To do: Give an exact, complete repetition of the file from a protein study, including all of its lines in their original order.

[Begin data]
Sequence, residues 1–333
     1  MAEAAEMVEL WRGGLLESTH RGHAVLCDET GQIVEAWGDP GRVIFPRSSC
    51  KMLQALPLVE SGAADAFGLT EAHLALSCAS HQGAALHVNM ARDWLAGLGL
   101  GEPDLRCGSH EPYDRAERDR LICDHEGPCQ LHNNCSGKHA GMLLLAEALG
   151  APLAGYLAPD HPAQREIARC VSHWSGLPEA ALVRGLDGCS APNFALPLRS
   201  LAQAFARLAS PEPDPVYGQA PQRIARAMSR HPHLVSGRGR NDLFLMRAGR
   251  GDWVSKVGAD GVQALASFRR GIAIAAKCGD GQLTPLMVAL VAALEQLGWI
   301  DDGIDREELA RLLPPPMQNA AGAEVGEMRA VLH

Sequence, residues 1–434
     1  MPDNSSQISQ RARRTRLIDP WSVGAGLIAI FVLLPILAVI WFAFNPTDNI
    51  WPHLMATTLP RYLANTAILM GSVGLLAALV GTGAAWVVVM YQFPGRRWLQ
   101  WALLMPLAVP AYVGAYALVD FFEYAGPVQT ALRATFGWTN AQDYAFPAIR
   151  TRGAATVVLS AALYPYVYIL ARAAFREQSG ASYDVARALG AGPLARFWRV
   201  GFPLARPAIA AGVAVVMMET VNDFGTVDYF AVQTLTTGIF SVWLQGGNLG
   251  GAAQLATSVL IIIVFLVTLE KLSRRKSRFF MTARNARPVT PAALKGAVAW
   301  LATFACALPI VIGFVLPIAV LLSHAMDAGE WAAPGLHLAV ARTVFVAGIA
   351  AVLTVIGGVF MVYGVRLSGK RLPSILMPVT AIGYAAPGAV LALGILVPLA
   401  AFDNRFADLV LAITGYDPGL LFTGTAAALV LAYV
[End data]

Sequence, residues 1–333
     1  MAEAAEMVEL WRGGLLESTH RGHAVLCDET GQIVEAWGDP GRVIFPRSSC
    51  KMLQALPLVE SGAADAFGLT EAHLALSCAS HQGAALHVNM ARDWLAGLGL
   101  GEPDLRCGSH EPYDRAERDR LICDHEGPCQ LHNNCSGKHA GMLLLAEALG
   151  APLAGYLAPD HPAQREIARC VSHWSGLPEA ALVRGLDGCS APNFALPLRS
   201  LAQAFARLAS PEPDPVYGQA PQRIARAMSR HPHLVSGRGR NDLFLMRAGR
   251  GDWVSKVGAD GVQALASFRR GIAIAAKCGD GQLTPLMVAL VAALEQLGWI
   301  DDGIDREELA RLLPPPMQNA AGAEVGEMRA VLH

Sequence, residues 1–434
     1  MPDNSSQISQ RARRTRLIDP WSVGAGLIAI FVLLPILAVI WFAFNPTDNI
    51  WPHLMATTLP RYLANTAILM GSVGLLAALV GTGAAWVVVM YQFPGRRWLQ
   101  WALLMPLAVP AYVGAYALVD FFEYAGPVQT ALRATFGWTN AQDYAFPAIR
   151  TRGAATVVLS AALYPYVYIL ARAAFREQSG ASYDVARALG AGPLARFWRV
   201  GFPLARPAIA AGVAVVMMET VNDFGTVDYF AVQTLTTGIF SVWLQGGNLG
   251  GAAQLATSVL IIIVFLVTLE KLSRRKSRFF MTARNARPVT PAALKGAVAW
   301  LATFACALPI VIGFVLPIAV LLSHAMDAGE WAAPGLHLAV ARTVFVAGIA
   351  AVLTVIGGVF MVYGVRLSGK RLPSILMPVT AIGYAAPGAV LALGILVPLA
   401  AFDNRFADLV LAITGYDPGL LFTGTAAALV LAYV